Server-side calculation

The following code represents calculations performed by the server, or the second-party.

The server receives the blinded input value from the client, and may perform authentication, access control, request throttling, or other security measures before processing the request. It then uses its own secret to compute:

ECPoint processRequest(ECPoint blindedInput, Scalar secret) {
    // Apply secret to compute the response
    ECPoint response = ECMultiply(blindedInput, secret);
    return response;

It then returns the response, which is the blinded output, to the client.


Because the elliptic curve point multiplication is computationally difficult to invert (like the discrete logarithm problem, the client cannot feasibly learn the server's secret from the response it produces.

Note, however, that this function is vulnerable to attacks by quantum computers. A client or third party in possession of a quantum computer could solve for the server's secret knowing the result it produced for a given input.

RSA blind signatures


When the output of a blind signature scheme is deterministic, it can be used as the basis of building an OPRF, e.g. simply by hashing the resulting signature.

This is because due to the blinding, the party computing the blind signature learns neither the input (what is being signed) nor the output (the resulting digital signature).



The OPRF construction can be extended in various ways. These include: verifiable, partially-oblivious, threshold-secure, and post-quantum secure versions.

Verifiable OPRF


Many applications require the ability of the first-party to verify the OPRF output was computed correctly. For example, when using the output as a key to encrypt data. If the wrong value is computed, that encrypted data may be lost forever.

Fortunately, most OPRFs support verifiability. For example, when using RSA blind signatures as the underlying construction, the client can, with the public key, verify the correctness of the resulting digital signature.

When using Elliptic Curve or Diffie-Hellman based OPRFs, then knowing the public key y = gx, it is possible to use a second request to the OPRF server to create a zero-knowledge proof of correctness for the previous result.[20][21]

Partially-oblivious PRF


One modification to an OPRF is called a partially-oblivious PRF, or P-OPRF.

Specifically, a P-OPRF is any function with the following properties:

  • The parties compute: O = POPRF(H, E, S)
  • The first-party (the client), knows the hidden input (H) and the exposed input (E) and learns the output (O) but does not learn the secret (S)
  • The second-party (the server), knows the secret (S), and learns the exposed input (E), but does not learn either the hidden input (H), nor the output (O).

The use case for this is when the server needs to implement specific throttling or access controls on the exposed input (E), for example, (E) could be a file path, or user name, for which the server enforces access controls, and only services requests when the requesting user is authorized.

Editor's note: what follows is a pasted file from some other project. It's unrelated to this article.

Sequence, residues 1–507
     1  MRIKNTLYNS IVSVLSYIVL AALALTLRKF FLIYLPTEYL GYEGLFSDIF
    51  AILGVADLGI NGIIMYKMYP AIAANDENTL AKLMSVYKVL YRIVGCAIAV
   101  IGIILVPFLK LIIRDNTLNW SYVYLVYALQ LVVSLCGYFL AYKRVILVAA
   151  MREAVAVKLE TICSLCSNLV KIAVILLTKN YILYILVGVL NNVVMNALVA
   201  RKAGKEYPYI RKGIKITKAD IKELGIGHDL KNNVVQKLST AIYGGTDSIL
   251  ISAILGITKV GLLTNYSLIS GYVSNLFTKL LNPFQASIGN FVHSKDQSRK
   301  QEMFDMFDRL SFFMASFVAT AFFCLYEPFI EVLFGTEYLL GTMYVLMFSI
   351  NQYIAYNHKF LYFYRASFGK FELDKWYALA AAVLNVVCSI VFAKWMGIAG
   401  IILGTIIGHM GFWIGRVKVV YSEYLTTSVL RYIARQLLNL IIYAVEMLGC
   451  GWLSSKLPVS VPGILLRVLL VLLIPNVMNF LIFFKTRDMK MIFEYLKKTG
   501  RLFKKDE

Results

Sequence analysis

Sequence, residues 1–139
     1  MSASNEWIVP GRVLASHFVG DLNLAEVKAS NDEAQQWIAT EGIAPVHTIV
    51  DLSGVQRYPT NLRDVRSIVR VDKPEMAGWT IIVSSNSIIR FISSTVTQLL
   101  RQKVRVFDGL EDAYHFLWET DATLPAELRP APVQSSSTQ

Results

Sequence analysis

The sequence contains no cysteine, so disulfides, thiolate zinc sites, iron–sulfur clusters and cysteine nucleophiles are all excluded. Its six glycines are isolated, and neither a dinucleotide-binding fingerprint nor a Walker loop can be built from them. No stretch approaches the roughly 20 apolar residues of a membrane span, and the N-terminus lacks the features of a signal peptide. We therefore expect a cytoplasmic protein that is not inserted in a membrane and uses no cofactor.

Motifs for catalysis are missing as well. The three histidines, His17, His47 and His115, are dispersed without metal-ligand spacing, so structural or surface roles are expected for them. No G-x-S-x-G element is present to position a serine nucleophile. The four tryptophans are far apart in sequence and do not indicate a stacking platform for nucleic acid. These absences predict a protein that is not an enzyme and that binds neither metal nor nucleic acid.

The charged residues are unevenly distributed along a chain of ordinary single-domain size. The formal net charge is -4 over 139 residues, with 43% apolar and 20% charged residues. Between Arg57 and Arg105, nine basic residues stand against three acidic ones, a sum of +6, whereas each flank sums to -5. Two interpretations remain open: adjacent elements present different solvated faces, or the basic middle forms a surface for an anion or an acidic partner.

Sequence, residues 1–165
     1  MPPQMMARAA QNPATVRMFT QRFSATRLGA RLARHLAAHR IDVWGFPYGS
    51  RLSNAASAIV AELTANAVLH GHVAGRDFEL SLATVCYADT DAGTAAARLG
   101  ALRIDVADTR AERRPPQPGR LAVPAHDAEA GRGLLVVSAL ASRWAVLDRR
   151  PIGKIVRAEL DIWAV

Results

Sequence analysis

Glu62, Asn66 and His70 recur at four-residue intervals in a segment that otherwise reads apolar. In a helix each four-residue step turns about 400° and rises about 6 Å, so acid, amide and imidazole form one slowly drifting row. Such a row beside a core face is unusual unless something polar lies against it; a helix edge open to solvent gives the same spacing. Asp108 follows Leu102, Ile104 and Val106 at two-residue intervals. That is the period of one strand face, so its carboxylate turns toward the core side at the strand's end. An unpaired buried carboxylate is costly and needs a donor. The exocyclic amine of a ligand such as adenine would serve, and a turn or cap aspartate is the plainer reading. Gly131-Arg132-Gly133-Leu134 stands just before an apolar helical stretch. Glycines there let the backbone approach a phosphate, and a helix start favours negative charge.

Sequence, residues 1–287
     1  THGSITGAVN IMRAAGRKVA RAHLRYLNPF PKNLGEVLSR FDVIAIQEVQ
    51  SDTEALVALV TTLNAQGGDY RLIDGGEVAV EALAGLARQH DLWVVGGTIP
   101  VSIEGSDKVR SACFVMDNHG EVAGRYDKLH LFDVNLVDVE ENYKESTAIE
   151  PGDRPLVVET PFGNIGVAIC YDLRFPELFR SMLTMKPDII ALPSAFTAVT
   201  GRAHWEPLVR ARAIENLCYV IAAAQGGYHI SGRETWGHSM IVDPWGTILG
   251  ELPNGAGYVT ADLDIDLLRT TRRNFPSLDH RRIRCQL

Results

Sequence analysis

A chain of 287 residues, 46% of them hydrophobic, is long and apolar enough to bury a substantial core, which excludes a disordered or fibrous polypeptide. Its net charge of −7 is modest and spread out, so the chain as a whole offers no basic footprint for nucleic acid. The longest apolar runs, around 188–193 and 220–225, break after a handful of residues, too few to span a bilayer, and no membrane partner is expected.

A P-OPRF based on bilinear pairings was used by the "Pythia PRF Service".[22]

Recently, versions of P-OPRFs not based on pairings have appeared, such as a version standardized in the IETF RFC 9497.[21] as well in a more recent improvement.[23]

Threshold implementations


For even greater security, it is possible to thresholdize the server, such that the secret (S) is not held by any individual server, and so the compromise of any single server, or set of servers below some defined threshold, will not expose the secret.

This can be done by having each server be a shareholder in a secret sharing scheme. Instead of using its secret to compute the result, each server uses its share of the secret to perform the computation.

The client then takes some subset of the server's computed results, and combines them, for example by computing a protocol known as interpolation in the exponent. This recovers the same result as had the client interacted with a single server which has the full secret.

This algorithm is used in various distributed cryptographic protocols.[24]

Post-quantum secure implementations


Finding efficient post-quantum secure implementations of OPRFs is an area of active research.[25]

"With the exception of OPRFs based on symmetric primitives, all known efficient OPRF constructions rely on discrete-log- or factoring-type hardness assumptions. These assumptions are known to fall with the rise of quantum computers."[1]

Two possible exceptions are lattice-based OPRFs[26] and isogeny-based OPRFs,[27] but more research is required to improve their efficiency and establish their security. Recent attacks on isogenies raise doubts on the security of the algorithm.[28]

A more-secure, but less-efficient approach to realize a post-quantum secure OPRF is to use a secure two-party computation protocol to compute a PRF using a symmetric key construction, such as AES or HMAC.

See also